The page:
To Dad: Cecil Rospaw (aka Von Rospach) 1924-2008
Today is the day we celebrate our dads, and if we can, tell them what we think of them and how they matter to us.
If we can’t do that, sometimes today is the day we tell some of their story. We lost dad in 2008 to heart problems that were found late in their progression; he survived a triple bypass, but by that point the body was too weak to recover. He also, to be honest, was ready, and had always told us that when it was time, he’d lived a good life.
Dad’s grandfather, my great-grandfather, walked off a farm one day in the Alsace region (aka “French Occupied Germany”) and was never seen again. He never told his family he was leaving. He ended up on a boat, on Ellis Island, and and then in Illinois, where he met an Irish woman. They ended up in Kansas and started a newspaper. Dad’s father moved to California and started the Placentia Courier in (of course), Placentia California.
Valencia High School, Stanford University, where he played football and met his first wife. World War II happened, and he joined the Army and drove tanks in the South Pacific for MacArthur, also being part of the liberation of the Phillipines. After the war he joined Stars and Stripes and covered the Berlin Airlift, among other things. Later, he and his wife founded an alternative press for Army enlisted men called the Overseas Weekly, a combination of serious poking sticks at the failures of the military leadership and full on page 3 gossip and girls tabloid.
At some point he and his first wife split up, she kept running the Overseas Weekly and he came home and took over the Placentia Courier. He met another woman, it clicked, they married and I happened a year or so later. He was very active in civic work, in Kiwanis, and I think his great love in publishing the paper was the responsibility he saw in keeping the local government honest. The local politicians weren’t always as appreciative of this for some reason. He got very involved in the local historical commission as well and was very involved in trying to protect historical buildings in the area.
Mom and Dad ran the paper into the 1970s when they sold it as the first wave of newspaper consolidations were taking place — when I was young there were more than 15 newspapers in the greater LA area; today there are two. (during and after high school I actually worked in various forms for four, three of which do not exist today). He got a masters in communication, did some teaching in college, then became a permanent substitute teacher for local high schools, a time where I think he may have been happiest.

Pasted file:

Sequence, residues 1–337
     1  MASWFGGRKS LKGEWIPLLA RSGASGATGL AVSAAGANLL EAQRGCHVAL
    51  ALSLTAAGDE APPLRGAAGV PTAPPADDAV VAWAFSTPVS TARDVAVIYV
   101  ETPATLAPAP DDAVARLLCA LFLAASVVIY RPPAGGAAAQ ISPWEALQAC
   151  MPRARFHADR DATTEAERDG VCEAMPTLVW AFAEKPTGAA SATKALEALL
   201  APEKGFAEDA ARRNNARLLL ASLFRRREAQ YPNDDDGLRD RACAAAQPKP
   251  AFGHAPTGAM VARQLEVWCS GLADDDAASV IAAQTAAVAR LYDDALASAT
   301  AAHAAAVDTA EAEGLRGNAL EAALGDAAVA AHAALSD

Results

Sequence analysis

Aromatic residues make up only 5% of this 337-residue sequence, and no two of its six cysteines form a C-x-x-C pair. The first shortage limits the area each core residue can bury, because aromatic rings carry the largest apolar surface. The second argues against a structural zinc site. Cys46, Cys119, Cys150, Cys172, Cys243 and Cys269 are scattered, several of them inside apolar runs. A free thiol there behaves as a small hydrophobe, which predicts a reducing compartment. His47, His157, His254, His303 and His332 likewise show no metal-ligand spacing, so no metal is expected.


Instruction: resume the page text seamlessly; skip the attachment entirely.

If he were around today and asked, I believe he’d say the thing he is proudest of is that he made it to 50 years with my mother. Later in life Mom and Dad fell in love with cruise ships and were always headed off somewhere or other, including a long trip through the South Pacific, which allowed him to go back and see some of the places he’d fought at during WW II, including Leyte.
One of the questions I get at time is why my name is different than my parents. In reality, it’s not. We’re all Von Rospachs, but during World War I, it wasn’t a good thing to be German in America, and my grandfather americanized the name. I grew up a Rospaw, and when I graduated from High School, made a choice to return to the original name (in retrospect given how fussy we’ve become about identify — hello TSA — a smart decision on my part). My family passports were always under Von Rospach, which sometimes made the credit card companies crazy.
So if you’ve ever wondered if I’m a Rospaw or a Von Rospach, the answer is “yes”.
I loved my dad, and we got along well. I am very much my father’s child, including my lack of hair and my tendency to say things about rap music that very much mimic what dad said about the Beatles.
I’ve wanted to write this piece for years, but this is the first year I’ve been able. I still miss him, but Father’s Day isn’t a day I dread now, but a day to remember and honor him.
Happy Father’s day, dad. Wherever you are, I expect it’s on a cruise ship somewhere dressing for dinner with the captain again.
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